Mar 082012

Versiune în română

Sydney Day Two

For the second day we planned to explore Sydney’s other harbour by its name Darling Harbour. Not as beautiful or famous as Sydney Harbour, I think that Darling Harbour can be even more interesting than Sydney Harbour for people who have kids because of all the activities that one can do there. Darling Habour is home to Sydney Aquarium, to the Sydney Wildlife World, to the National Maritime Museum, the world’s largest IMAX screen and a lot more. The harbour extends north from Chinatown and then along both sides of a bay called Cockle Bay. Since our hotel was located in Chinatown, Darling Habour was literaly a 5 minutes walk from our room. Our plan for the morning was to visit the Sydney Acquarium and maybe the Wildlife World if we weren’t tired or hungry afterwards. I thought the admission price to the aquarium to be a bit steep ($35/person if I remember correctly). Right when you go in there’s the platypus exhibit but the platypus was nowhere to be seen (bummer!). But I did get to see something I didn’t see before: a dugong which is a large aquatic mammal similar to the manatee. The most impressive exhibit of the aquarium is a series of underwater see-through glass tunnels where sharks, turtles, all sorts of fish, manta rays and the above mentioned dugong swim all around the visitors. Walking through these tunnels was a nice experience.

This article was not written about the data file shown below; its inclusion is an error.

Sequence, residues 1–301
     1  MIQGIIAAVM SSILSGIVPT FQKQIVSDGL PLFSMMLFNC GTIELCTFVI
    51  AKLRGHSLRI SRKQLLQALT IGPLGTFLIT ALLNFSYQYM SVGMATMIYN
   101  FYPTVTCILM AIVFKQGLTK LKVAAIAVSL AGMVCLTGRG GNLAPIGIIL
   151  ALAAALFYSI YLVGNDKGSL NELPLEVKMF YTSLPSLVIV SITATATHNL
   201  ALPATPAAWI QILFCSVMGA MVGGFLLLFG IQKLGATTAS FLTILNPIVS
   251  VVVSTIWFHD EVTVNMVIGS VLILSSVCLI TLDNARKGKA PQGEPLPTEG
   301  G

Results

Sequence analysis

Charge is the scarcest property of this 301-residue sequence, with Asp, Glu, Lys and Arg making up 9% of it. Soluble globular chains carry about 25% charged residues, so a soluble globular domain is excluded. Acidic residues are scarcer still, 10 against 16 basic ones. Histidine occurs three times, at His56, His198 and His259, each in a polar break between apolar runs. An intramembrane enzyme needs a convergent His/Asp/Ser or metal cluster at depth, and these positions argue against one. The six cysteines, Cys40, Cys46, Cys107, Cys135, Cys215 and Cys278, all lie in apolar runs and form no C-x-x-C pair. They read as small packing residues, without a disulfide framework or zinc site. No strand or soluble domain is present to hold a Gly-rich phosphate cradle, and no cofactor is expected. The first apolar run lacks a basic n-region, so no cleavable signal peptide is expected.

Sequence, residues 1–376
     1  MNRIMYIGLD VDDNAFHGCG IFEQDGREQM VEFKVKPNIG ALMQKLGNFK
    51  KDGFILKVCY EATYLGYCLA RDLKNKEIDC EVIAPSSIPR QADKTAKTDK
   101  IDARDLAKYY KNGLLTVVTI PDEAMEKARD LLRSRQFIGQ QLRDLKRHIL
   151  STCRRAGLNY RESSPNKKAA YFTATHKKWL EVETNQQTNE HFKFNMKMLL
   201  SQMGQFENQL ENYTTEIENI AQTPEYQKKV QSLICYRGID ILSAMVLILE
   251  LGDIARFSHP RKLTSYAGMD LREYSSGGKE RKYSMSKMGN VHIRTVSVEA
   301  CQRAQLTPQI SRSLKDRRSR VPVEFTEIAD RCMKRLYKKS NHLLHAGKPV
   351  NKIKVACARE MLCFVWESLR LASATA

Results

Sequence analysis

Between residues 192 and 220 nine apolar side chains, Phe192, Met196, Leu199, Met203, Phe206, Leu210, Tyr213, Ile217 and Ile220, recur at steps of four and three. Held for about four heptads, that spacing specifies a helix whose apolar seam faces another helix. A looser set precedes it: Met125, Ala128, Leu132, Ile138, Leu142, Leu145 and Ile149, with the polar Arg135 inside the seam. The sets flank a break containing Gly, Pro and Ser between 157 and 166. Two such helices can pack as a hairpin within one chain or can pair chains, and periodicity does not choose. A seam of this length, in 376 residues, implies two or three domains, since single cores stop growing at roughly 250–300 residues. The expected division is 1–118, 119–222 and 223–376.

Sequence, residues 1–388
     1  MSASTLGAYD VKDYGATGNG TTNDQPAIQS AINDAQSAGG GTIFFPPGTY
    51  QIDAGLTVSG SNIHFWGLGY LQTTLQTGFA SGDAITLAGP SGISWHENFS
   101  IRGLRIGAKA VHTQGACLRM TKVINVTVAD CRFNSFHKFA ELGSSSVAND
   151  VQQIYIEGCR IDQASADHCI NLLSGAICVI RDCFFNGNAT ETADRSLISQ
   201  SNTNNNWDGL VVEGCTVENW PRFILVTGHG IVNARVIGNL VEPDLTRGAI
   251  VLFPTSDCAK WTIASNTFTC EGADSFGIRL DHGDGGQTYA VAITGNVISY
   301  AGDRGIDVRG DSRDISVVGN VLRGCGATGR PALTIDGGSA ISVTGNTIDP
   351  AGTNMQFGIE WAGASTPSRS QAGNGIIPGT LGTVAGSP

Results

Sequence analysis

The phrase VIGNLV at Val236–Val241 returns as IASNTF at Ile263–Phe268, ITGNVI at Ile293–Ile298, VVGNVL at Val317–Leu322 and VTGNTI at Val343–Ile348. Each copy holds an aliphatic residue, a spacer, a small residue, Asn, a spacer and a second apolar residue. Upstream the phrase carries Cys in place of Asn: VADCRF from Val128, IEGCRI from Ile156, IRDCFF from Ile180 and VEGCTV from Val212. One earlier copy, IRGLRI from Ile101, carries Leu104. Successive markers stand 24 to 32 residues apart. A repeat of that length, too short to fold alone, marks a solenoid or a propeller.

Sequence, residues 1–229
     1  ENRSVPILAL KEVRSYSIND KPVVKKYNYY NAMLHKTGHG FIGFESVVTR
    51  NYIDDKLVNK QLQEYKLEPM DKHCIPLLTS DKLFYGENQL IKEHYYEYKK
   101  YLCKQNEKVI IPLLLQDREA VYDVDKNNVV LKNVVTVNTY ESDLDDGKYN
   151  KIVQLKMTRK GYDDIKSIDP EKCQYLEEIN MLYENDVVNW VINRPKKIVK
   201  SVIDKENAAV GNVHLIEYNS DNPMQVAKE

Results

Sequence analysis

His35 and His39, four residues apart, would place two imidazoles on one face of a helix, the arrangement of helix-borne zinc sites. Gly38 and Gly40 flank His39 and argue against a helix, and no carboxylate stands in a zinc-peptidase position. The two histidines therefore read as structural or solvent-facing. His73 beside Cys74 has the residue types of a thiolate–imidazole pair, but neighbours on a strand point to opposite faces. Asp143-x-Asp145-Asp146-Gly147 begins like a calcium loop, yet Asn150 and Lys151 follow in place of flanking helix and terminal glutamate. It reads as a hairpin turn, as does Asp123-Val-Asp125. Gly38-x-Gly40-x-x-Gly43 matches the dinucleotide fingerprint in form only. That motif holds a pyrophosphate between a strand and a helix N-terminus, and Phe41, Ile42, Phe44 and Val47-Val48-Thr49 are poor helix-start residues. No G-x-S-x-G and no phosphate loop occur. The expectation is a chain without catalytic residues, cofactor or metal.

After having a drink at one of the cafes lining the quays we decided we’re too tired for the Wildlife World and so we went to lunch. Cris wanted to try kangaroo meat and searching on the web I have found one restaurant that was serving it. It was called Belgian Beer Cafe, located in the area known as The Rocks. So we walked to the cafe, thus becoming even hungrier and more tired. Cris got his kangaroo meat but was a bit dissapointed. It tasted like beef he said. I was in a “kangaroos are so cute I couldn’t bear to eat one” mode so I didn’t try it. Living up to their name, the cafe has quite a few Belgian beers so we sampled a few. Which coupled with the big meal and the jet lag sent us back to the hotel for some afternoon sleep. On the way back to the hotel we decided to try the monorail which connects Darling Harbour, Chinatown and the CBD (Central Business District). At AU$5 for a single ride I thought it to be a bit steep for what it offers (8 stations on 3.5km) but we decided to try it once. The track runs about 5.5 meters above the ground so you get some views of the city from high up but they’re really not that great.